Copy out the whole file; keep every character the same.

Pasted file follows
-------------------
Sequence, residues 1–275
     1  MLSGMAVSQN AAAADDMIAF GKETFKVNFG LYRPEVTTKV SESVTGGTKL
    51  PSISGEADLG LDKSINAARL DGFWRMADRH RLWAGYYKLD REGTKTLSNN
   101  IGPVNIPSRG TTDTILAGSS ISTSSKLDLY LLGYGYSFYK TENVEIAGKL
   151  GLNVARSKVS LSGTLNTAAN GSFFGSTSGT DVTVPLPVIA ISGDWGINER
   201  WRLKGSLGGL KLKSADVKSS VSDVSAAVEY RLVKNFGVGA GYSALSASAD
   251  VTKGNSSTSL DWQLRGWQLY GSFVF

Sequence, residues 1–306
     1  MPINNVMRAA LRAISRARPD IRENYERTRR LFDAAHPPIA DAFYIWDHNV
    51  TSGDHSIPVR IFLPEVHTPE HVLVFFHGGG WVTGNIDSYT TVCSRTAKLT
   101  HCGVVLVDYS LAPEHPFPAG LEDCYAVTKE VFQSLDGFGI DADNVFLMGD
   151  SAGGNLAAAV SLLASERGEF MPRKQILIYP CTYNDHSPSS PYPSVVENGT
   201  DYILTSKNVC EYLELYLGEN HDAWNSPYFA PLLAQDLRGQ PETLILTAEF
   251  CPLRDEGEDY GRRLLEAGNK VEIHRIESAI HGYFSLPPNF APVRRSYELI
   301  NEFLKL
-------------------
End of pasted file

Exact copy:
Sequence, residues 1–275
     1  MLSGMAVSQN AAAADDMIAF GKETFKVNFG LYRPEVTTKV SESVTGGTKL
    51  PSISGEADLG LDKSINAARL DGFWRMADRH RLWAGYYKLD REGTKTLSNN
   101  IGPVNIPSRG TTDTILAGSS ISTSSKLDLY LLGYGYSFYK TENVEIAGKL
   151  GLNVARSKVS LSGTLNTAAN GSFFGSTSGT DVTVPLPVIA ISGDWGINER
   201  WRLKGSLGGL KLKSADVKSS VSDVSAAVEY RLVKNFGVGA GYSALSASAD
   251  VTKGNSSTSL DWQLRGWQLY GSFVF

Sequence, residues 1–306
     1  MPINNVMRAA LRAISRARPD IRENYERTRR LFDAAHPPIA DAFYIWDHNV
    51  TSGDHSIPVR IFLPEVHTPE HVLVFFHGGG WVTGNIDSYT TVCSRTAKLT
   101  HCGVVLVDYS LAPEHPFPAG LEDCYAVTKE VFQSLDGFGI DADNVFLMGD
   151  SAGGNLAAAV SLLASERGEF MPRKQILIYP CTYNDHSPSS PYPSVVENGT
   201  DYILTSKNVC EYLELYLGEN HDAWNSPYFA PLLAQDLRGQ PETLILTAEF
   251  CPLRDEGEDY GRRLLEAGNK VEIHRIESAI HGYFSLPPNF APVRRSYELI
   301  NEFLKL